a safe place


A current “controversial” topic, and one that I am quite passionate about, has made a lot of headlines recently and has been a source of both negative backlash and positive support. The topic of rape/sexual misconduct is always heavily debated. I am choosing not to be specific regarding the current story that is all over the news and our social media feeds, but I cannot say that this current story, did not encourage me to write this post. I have always felt the need to address rape especially since I am a woman, but also a victim of rape. However, I was always met with feelings of apprehension, nervous that discussing such a serious and real topic would be too transparent. I also was anxious that it would not be well received. But as always, the powerful little voice in my head reminded me of how important it is to share our personal narratives, in order to connect with others and close the gap between us. By using my own voice, I hope to inspire others to be brave and use theirs as well. Our stories need to be heard. We each have a place in this world and we are meant to take up space.

I want to speak generally about rape and how society perceives and receives those who claim to have been raped or sexually offended. It isn’t a new statement, but it is a true one, that women do not report rape/sexual misconduct because they feel that they will not be given the support and justice they deserve. We know that we will not be well received. We know that we will be asked a number of questions that make us feel less like a victim and more like a suspect. “Are you sure you said no? Did you make it obvious that you didn’t want it? What were you wearing? Were you under the influence?” Because well, if the woman was wearing a mini skirt, she was asking to be violated. Because if the girl drank too much and lost control of her body, she clearly wanted three men to take turns with her. Because if she only said “no” once, she didn’t really mean it.

As victims, we know that we will not receive empathy or even sympathy. We know that we will be put under a microscope to determine whether or not we “brought it [the misconduct] on ourselves.” We know that we will be looked at with shameful, judging eyes. We know that some will even deem us as dirty or attention-seeking.

We know there is no space for us to tell our truth. Because society doesn’t want our truth if it’s not pretty. And that’s what women are supposed to be: pretty. Pretty, delicate creatures who do not use their voices to stir up anything. We are not to communicate our power, we are to remain silent. But we are a force. Women are the seeds which hold and bring about life. We are strong. Our voices matter. We deserve justice, we deserve empathy, and we deserve to be met with support and love, especially when we are suffering. Our voices MUST be heard.

There’s a powerful hashtag that has gained popularity in recent weeks: #whyididntreport
Women all over the world are explaining why they didn’t/don’t report sexual abuse.
Because we’ve been shown time and time again that reporting only hurts and humiliates us more. Remember Ke$ha’s story? Big time pop singer, loved and respected by many, and even she didn’t receive justice. So why would I, a “nobody,” even imagine that I would?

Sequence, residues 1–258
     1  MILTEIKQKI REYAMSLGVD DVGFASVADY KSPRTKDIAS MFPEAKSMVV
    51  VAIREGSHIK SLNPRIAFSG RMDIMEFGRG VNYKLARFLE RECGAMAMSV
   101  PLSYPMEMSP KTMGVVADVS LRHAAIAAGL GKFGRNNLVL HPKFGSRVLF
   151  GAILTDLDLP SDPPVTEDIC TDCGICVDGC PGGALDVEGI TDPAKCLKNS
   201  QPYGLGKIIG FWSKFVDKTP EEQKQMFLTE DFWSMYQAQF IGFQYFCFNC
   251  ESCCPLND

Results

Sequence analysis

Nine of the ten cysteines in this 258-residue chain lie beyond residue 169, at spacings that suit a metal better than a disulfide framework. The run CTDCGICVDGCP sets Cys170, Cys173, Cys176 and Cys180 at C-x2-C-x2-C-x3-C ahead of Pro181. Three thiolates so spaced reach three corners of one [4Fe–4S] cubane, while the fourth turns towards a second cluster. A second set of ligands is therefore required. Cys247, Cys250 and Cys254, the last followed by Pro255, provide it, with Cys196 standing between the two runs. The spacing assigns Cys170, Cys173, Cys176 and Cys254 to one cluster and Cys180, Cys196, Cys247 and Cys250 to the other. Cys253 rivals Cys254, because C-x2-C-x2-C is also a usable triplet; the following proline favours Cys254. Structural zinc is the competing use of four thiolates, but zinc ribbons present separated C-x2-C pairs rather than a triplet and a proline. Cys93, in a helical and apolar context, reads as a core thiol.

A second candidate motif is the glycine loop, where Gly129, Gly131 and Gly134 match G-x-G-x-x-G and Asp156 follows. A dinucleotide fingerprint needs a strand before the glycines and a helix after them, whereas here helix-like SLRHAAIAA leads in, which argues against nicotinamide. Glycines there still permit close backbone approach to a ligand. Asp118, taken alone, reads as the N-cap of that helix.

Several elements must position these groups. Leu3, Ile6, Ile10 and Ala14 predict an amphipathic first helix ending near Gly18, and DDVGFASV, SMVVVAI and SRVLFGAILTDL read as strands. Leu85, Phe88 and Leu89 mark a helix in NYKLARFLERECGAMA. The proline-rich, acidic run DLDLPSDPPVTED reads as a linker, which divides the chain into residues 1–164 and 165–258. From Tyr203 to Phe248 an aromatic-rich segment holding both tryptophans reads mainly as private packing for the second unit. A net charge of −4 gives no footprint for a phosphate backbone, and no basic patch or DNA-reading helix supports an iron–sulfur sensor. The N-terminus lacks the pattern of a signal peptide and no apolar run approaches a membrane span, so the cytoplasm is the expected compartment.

I was raped when I was fifteen years old, and it broke me. My thoughts, my perceptions of the world, were forever altered. I began to see the world as an unsafe place, I became overly anxious all the time about everything, I began to question my worth. I was traumatized and became depressed, but even still, I told my parents I would rather die than report the boy because I knew I’d somehow be blamed for ruining his life. Ironic, right? I didn’t want the whole school knowing what he did to me, I didn’t want such a personal event to be made public. I didn’t want others to weigh in on the conversation and to decide whether or not I was right in reporting a 15 year old boy for rape. So I didn’t. It remains a heavy burden I will always hold onto. A memory I can never forget.

Why didn’t I report? Because I couldn’t stand the thought of people feeling bad for him over me. I couldn’t stand the idea that people could blame me for what happened or worse, see him as the victim. Because “boys will be boys” and “kids, they don’t know any better, they make mistakes.”
But I needed a guarantee that he would be held accountable for his actions. I needed a guarantee that I would be met with love and support, and not scrutiny or judgement.

I am angry and disappointed, by the way we treat women who come forward. I am angry and disappointed that we continue to teach women how to protect themselves from predators, and how to prevent misconduct, rather than teaching men not to rape. I’m in disbelief when I think about the lack of empathy and support given to those that our vulnerable and brave, who put themselves and their truths out there to receive justice.




We don’t give women the space to tell the truth.

Women already go through life feeling unsafe. We already live knowing that “pretty is the most important thing we can be.” We already live knowing we are seen as the lesser sex. Why not give us one safe space where we are encouraged, supported, loved, heard? The space to not be persecuted when we attempt to share our narratives?

We shouldn’t have to bury our pain deep inside of us. We shouldn’t have to hide any aspect of who we are. We need to feel like we share our human experiences. We all need that space. A space where we voice our inner-sentiments, a space where our voices are heard,  a space where we connect and say “me too” or “you are not alone,” a space where we use love to close the gaps between you and me.


Simply put, the world needs more compassion, empathy and love.



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